Thursday, June 18, 2009

Corn Mother

Open Pollinated White Corn Arrives
While having one of our various stimulating discussions about organic gardening, farming and community and such during the weeklong Strawbale Build, Kevin (from the border of Ohio and Indiana who was our
“Super-Carpenter in residence” for the duration) mentioned that he has some Open-pollinated white corn from his Grandpa and family farm that he grew out to save.
In this time of huge agro-corporations such as the “M”-word ( no I won’t give that company any free advertisement) trying to take away the power of the people and the farmers who grow our food by creating atrocities such as round-up ready this -and -that and seeds that cannot be saved to grow out a new crop the following year, saving seed such as open-pollinated anything is a revolutionary act.
So the seed saver in me jumped at the prospect of adding to my collection and
I asked Kevin if he would send me a few of those seeds.
So a few weeks after that, I was back here at Blue Rock Station and talking to my Mother on the telephone. “A weird envelope came in the mail for you today. It feels like a rosary, or some seeds”. My heart leaped in excitement and I tried to explain that it was probably the corn that Kevin had promised and that it was special because it was heirloom and open-pollinated and that it’s the kind of corn that companies like “M” do not want for us to have at all, all in one breath.
I plan to save some of my new corn collection and plant some of it here at Blue Rock in the fashion that I have always grown corn.
The “Three sisters” method of planting in the old way is the Mother of all companion planting that flows through my Cherokee DNA. Some of the original inhabitants of this continent grew corn, beans and squash (or pumpkins) all together in little hills. This was done right on the west bank of the Scioto River by the Mingo , in what later would become downtown Columbus ( central Ohio’s first town and the part of town that my ancestors on both sides migrated to from Appalachian Ohio, Franklinton really). First I plant the corn in the hills along with the squash or pumpkins. Then when the corn gets tall enough , I plant beans to grow up the corn stalks. The squash tends to block out all of the weeds , the ears of corn grow tall and strong buffering each other in a circle against the wind and the beans eagerly grow up the slender built in bean-poles.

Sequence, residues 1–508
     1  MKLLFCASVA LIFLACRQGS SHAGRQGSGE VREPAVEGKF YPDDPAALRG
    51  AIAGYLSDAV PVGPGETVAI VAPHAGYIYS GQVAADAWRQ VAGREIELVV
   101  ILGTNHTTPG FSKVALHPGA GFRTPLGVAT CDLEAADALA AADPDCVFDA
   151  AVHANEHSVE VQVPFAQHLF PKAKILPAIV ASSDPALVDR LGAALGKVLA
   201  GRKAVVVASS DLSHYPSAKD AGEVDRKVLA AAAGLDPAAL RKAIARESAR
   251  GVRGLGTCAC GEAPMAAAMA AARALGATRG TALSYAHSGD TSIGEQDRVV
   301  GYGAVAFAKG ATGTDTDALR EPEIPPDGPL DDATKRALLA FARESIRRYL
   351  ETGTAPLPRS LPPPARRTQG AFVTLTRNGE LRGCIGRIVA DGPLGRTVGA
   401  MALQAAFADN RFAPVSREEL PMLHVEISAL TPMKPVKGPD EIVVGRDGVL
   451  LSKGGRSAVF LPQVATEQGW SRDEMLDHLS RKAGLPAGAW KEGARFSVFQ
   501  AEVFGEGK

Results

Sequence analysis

Here’s more wisdom from Linda Hogan:
“She, the corn, is called our grandmother. She’s the woman who rubbed her palms against her body and the seeds fell out of her skin. That is, they fell from her body until her sons discovered her secrets. Before she left the world, she told them how to plant the beans and corn together, plant their little sister squash, between them. This, from an oral tradition, came to be rediscovered hundreds of years later, almost too late, by agriculturists in their research on how to maintain the richness of farm soil”.

No comments:

Post a Comment